Some time during late August, whilst spending time mindlessly scrolling through facebook posts, I saw a post that talked about ‘Scroll free September’. In an instant, knowing how much time I’d been wasting on scrolling, I made the decision to abstain from social media for September. To hold myself to account, I sent a quick post telling my ‘followers’ what I was about to do, then – wham! That was that. No social media for a month. An interesting test this would be. How addicted was I to social media, and in particular, to facebook?
Turns out I was a full on addict. Just like a smoker or any other addict, I had developed daily habits which involved going onto facebook – a lot! Every morning and every night, and at multiple points during the day – I had to check my social feed. I posted, and ‘checked-in’ wherever I went. To my own credit, I never tagged anybody without their persmission. I used to put my mind at ease, believing that what I shared and posted would help inspire and uplift, or entertain, my ‘followers’.
So how did it go, and what’s changed since ‘Scroll free September’?
Week one was difficult. I had to break certain habits. Like checking my feed whilst having my breakfast smoothie. I had to deny the urge to ‘check-in’ wherever I went. And I did it. The fact that I’d posted what I was doing made me feel compelled to stick with it. Public accountability works for me. Some friends and family felt disconnected and so my decision affected them too. They drew some inspiration or some comfort from knowing where I was, what I was doing, particularly when I was travelling.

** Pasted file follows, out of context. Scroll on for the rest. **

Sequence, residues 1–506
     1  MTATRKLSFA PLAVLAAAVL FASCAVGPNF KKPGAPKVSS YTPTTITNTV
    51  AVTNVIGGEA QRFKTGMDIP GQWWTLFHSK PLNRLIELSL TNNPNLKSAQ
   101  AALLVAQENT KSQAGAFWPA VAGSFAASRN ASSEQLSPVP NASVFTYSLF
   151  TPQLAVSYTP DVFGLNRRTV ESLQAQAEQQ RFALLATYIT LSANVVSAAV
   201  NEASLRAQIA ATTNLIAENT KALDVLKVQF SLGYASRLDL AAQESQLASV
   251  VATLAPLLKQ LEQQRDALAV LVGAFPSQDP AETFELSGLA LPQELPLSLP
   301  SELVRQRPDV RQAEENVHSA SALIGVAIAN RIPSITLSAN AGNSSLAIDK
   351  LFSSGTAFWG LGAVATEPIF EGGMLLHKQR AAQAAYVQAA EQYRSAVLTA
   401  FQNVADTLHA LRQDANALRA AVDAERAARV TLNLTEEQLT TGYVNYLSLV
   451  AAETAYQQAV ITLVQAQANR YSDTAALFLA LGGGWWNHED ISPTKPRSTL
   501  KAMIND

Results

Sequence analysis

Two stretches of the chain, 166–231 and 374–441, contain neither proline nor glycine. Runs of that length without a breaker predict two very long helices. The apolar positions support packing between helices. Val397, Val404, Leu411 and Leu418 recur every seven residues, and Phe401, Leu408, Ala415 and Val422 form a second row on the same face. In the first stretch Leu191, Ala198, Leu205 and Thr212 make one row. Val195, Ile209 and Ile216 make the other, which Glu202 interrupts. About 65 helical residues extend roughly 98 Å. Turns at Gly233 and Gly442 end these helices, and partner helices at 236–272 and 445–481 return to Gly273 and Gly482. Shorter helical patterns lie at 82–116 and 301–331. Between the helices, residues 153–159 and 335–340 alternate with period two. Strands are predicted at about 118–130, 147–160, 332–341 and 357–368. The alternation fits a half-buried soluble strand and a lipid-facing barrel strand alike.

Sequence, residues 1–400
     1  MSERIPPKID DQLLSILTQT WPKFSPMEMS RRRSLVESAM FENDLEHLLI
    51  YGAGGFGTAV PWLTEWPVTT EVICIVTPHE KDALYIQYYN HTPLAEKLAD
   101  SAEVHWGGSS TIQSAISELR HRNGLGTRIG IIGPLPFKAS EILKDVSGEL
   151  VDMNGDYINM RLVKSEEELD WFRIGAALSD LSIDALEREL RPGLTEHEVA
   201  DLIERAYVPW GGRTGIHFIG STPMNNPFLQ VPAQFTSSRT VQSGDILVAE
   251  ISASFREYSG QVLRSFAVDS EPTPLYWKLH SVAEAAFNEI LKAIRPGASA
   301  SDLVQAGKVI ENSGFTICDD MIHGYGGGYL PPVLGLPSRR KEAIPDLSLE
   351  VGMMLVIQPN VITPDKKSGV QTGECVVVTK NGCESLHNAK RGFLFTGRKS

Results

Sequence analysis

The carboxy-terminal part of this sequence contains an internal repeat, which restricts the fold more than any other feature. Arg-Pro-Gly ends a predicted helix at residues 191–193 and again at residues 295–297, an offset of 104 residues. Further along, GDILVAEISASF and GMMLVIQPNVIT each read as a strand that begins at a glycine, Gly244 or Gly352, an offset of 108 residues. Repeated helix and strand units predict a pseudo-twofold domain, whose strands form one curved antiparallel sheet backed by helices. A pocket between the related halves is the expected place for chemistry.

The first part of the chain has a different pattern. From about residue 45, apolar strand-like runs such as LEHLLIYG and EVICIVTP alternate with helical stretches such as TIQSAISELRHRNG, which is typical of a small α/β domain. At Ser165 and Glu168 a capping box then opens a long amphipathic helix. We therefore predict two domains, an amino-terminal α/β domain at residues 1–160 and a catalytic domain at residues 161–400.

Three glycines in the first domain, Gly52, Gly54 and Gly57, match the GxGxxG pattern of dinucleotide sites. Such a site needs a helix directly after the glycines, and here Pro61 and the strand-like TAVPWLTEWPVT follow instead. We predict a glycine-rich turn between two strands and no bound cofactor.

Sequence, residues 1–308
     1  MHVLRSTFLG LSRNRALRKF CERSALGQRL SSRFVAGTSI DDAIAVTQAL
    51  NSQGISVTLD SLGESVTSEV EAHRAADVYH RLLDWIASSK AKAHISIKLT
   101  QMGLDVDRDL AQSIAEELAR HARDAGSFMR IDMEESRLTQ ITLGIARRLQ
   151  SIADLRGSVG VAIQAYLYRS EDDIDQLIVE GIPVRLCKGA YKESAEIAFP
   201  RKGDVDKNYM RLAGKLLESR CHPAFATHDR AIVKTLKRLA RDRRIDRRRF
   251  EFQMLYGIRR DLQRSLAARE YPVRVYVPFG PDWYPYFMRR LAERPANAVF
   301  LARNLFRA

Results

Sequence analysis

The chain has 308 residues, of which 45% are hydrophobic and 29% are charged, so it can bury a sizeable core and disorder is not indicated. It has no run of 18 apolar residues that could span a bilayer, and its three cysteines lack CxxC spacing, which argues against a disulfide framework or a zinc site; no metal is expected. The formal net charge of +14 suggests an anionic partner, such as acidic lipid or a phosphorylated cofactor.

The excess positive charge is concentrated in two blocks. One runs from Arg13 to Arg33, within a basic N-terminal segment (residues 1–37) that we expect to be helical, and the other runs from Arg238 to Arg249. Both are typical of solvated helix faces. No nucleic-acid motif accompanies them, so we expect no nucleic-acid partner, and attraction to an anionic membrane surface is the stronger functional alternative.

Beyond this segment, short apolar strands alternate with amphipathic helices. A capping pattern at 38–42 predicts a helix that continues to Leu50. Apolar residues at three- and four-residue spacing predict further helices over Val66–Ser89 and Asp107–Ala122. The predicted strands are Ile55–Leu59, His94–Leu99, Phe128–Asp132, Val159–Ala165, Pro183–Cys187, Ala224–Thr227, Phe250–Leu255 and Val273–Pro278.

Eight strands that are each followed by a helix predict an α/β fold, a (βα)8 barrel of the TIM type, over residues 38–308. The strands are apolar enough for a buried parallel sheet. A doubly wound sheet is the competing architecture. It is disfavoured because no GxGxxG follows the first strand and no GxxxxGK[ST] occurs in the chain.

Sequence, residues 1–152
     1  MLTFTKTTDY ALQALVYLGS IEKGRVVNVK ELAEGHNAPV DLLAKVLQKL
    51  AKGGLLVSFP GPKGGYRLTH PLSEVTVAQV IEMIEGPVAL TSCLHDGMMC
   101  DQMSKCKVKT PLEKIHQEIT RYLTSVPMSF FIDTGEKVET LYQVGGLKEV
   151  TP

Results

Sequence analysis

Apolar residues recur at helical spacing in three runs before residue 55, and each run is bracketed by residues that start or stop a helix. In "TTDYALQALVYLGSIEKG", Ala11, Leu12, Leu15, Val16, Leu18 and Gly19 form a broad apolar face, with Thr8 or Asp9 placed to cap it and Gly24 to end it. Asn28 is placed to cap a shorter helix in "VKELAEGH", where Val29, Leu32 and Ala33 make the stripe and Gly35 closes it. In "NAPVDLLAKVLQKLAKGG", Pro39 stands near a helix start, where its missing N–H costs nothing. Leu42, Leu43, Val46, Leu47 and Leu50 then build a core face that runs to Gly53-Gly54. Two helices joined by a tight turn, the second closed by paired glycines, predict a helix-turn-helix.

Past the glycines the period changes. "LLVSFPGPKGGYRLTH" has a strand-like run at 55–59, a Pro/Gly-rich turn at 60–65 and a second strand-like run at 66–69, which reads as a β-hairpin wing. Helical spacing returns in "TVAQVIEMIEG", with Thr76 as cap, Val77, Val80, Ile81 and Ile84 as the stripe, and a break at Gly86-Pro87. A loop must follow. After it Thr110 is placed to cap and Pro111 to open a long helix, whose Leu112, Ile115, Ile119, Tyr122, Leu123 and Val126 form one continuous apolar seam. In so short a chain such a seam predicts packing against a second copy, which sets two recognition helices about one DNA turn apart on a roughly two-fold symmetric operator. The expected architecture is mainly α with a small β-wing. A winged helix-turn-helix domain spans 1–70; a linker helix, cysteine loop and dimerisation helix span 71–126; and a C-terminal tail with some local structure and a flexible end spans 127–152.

Week two was a lot easier, and from there on in I started to feel something. Two dominant emotions were:
- Irritation – everybody assumes that you’ve seen what’s trending on social media, and so you should know what is happening with friends, family, colleagues. Hey, I’m still here. I’m actually here. Let’s connect – for real. On the up side, it forced me and other people to explain and to make the effort to engage.
- In control – my mind was not being consumed by what I was seeing. Instead I could decide what I wanted to engage in. I found myself being far more focussed on what I needed to do each day, focussed on people around me, focussed on setting intentions.
At the end of September, I didn’t rush back to facebook to see what was happening. I took my time. It was good to be back, and to be connected. It was funny reading the posts from people from when I announced I was going offline for September. There was a mixture of ‘no ways, not you!’, to ‘oh no, I love your posts’, to ‘you go girl’. All of which I found endearing.
Things have changed. I am not posting as often. I’m not online as often. I’m discerning about how much time I spend scrolling, and it’s a lot less than it used to be. I’ve unfollowed a few pages and people. I don’t check-in everywhere I go. Chatting to people who noticed my absence, it’s interesting and encouraging to know that a) they noticed my absence, and b) they missed my posts. This means that even though I’ve been very critical of myself and what I was sharing and posting, the truth is that it does (in some small way) encourage, inspire and motivate others. It also gives them an insight into who I am, what I do and what’s important to me; and that can do a lot in forging solid relationships. Especially when one has very limited time to connect with people. When you do connect, it’s off a familiar base.
My ‘sebatical’ from social media also meant a sebatical from blogging. And blogging, for me, is like journalling. I pour my thoughts out into these posts. I hope that what I share resonates and adds some value to you. Albeit in the smallest of ways. If not, keep scrolling…
Chamapagne Castle, Drakensburg, South Africa. Picture taken by Alison Meyer.